• In the West, the least affordable region[2], Montana led all states with 88 percent price growth from 2005 to 2018. Despite the strong price growth in California since 2012, prices have only increased by 19 percent since 2005. Nevada shows a 9 percent price change over this time turning around any previous loss in value.

  • In the Midwest where affordability is most favorable, North Dakota led all states with 115 percent price growth from 2005 to 2018. Illinois, while having the smallest growth in the region had an estimated 12 percent price growth over this time.

  • In the Northeast where sales and price growth is typically slow, Pennsylvania lead the region with a 48 percent price growth from 2005 to 2018. Rhode Island, while having the smallest gain of all states, increased 6 percent price change over this time. Rhode Island is one of two states that turned around a negative property value over this time compared to 2017.


[1] I used the FHFA expanded data set not seasonally adjusted data.

[2] Based on NAR housing affordability index

Can Homeowners Cope with Lower Home Prices?

With interest rates on the rise, home prices have started cooling off.[1] On the one hand, the cooling of home prices in high-priced metro areas makes a home purchase more affordable, saving households nearly $50/month on a median-priced home.[2] On the other hand, falling prices also erodes the wealth (home equity gains) of current homeowners and can drive homeowners in a negative equity position (when the value of the home is lower than the remaining loan balance). How will declining home prices affect current homeowners and how does the current decline in home prices in some areas compare with the home equity gains?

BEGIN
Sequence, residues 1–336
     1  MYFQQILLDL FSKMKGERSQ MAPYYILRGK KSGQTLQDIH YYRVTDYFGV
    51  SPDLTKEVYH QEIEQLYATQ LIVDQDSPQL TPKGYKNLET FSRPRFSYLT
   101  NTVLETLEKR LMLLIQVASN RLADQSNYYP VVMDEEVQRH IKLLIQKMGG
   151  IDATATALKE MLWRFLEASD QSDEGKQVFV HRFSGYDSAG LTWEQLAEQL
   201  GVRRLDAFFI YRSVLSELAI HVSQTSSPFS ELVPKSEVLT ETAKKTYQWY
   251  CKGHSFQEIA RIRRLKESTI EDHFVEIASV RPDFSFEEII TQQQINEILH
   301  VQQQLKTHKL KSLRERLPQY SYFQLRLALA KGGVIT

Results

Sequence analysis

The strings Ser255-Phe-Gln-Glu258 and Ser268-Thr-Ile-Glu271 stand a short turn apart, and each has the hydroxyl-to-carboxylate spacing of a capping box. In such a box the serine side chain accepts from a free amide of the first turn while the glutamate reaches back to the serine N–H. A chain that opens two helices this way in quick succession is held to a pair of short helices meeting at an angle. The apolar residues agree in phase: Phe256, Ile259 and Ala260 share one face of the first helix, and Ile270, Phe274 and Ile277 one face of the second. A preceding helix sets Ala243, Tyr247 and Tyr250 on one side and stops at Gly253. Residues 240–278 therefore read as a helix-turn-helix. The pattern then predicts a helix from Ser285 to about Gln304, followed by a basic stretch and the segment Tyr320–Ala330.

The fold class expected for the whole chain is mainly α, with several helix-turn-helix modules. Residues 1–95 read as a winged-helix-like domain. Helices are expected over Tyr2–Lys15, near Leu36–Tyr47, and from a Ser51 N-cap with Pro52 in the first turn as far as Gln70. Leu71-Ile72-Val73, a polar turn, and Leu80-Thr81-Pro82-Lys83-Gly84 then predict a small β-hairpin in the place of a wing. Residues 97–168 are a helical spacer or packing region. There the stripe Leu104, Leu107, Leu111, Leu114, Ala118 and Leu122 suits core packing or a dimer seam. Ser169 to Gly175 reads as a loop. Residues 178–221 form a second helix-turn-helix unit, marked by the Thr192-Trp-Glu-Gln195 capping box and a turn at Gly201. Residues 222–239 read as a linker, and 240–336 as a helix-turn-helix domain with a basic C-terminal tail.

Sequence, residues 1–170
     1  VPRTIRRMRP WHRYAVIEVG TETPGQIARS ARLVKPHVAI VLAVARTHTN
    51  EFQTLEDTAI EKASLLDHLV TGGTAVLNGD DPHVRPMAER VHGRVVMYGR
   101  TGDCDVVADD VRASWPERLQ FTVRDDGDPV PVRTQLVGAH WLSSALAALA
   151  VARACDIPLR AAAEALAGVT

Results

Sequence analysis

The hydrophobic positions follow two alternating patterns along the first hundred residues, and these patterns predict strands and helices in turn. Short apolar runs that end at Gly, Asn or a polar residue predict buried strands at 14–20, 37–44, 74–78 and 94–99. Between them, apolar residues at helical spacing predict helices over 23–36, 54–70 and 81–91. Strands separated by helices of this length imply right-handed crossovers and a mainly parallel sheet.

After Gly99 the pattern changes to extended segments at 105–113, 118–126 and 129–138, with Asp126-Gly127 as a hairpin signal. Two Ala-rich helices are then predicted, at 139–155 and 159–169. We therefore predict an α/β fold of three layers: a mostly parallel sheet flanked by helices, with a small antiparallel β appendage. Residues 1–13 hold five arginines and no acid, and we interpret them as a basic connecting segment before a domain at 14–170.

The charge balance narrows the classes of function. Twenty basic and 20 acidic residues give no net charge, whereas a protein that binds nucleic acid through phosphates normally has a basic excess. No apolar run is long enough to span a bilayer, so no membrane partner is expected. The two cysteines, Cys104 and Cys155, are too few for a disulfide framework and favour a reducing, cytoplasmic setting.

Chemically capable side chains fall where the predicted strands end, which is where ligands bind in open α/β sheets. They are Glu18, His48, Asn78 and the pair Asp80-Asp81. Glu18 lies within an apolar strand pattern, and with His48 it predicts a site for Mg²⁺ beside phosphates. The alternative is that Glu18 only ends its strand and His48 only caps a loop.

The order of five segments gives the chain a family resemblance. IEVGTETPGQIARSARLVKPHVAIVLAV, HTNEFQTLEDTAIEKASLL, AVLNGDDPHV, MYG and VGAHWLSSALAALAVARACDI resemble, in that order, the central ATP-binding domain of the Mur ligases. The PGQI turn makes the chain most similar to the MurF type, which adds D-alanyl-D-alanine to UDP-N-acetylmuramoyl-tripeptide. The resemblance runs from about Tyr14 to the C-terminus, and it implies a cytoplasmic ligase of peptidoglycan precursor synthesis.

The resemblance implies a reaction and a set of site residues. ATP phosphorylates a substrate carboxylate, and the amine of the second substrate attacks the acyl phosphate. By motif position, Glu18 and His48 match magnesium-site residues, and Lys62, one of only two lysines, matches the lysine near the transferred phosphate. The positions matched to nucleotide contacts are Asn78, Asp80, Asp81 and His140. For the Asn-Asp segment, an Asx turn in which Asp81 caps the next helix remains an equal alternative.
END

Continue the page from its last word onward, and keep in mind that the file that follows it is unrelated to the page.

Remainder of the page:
The table below shows the home equity gains for homeowners who purchased a home in 2012 Q1 as of 2018 Q3. The home equity gained is the difference between the estimated value of the property purchased in 2012 Q1 in 2018 Q3 less the outstanding loan balance as of 2018 Q3.[3] Nationally, over the period 2012 Q1 through 2018 Q3, a homeowner who purchased a median-priced home in 2012 Q1 has gained $96,187 in home equity, which is equivalent to 41 percent of the estimated value of the home in 2018 Q3, at $235,119.

Of the 160 metro areas for which NAR calculates the median sales price, the metro areas where homeowners accumulated the largest home equity gains during 2012 Q1 – 2018 Q3 based on the purchase of a median-priced home in 2012 Q1 were San Jose-Sunnyvale-Sta. Clara ($591,576;56% of the estimated home value of $1.06 million as of 2018 Q3); San Francisco-Oakland-Hayward ($527,610; 57% of the current home value of $920,715); Urban Honolulu, HI ($337,013; 35% of current home value of $990,009); Los Angeles-Long Beach-Glendale ($374,565;49% of current home value of $768,634); and Boulder, CO ($329,608; 50% of current home value of $657,692).

The metro areas with the lowest home equity gains during 2012 Q1- 2018 Q3 based on the purchase of a median-priced home in 2012 Q1 were Cumberland, MD ($4,847; 6% of current home value of $79,343); Decatur, IL ($10,753; 12% of current home value of $86,302); Fayetteville, NC ($15,431; 11% of current home value of $138,627); Montgomery, AL ($17,641; or 15% of $119,252); and Peoria, IL ($17,679; or 14% of current home value of $128,818).

 

How do these equity gains compare with the price declines in high-cost metro areas thus far?  

We use the median list price in October 2018 on Realtor.com and look at the year-over-year change and compare these changes to the equity gains as a share of the current home values. In October 2018, median list prices declined in several high-priced metro areas compared to one year ago, but these declines are modest compared to the equity gains measured as a percent of the current home value: San Jose-Sunnyvale-Sta. Clara (-0.1%); San Francisco-Oakland-Hayward (0%); Sta. Maria-Sta. Barbara (-7.8%); Salinas ( -6%); Sta. Rosa ( -7.1%); Oxnard-Thousand Oaks-Ventura ( -2.1%). Among the 500 metros tracked by Realtor.com, the steepest decline in the median list price in October from one year ago was Denver-Aurora-Lakewood (10%).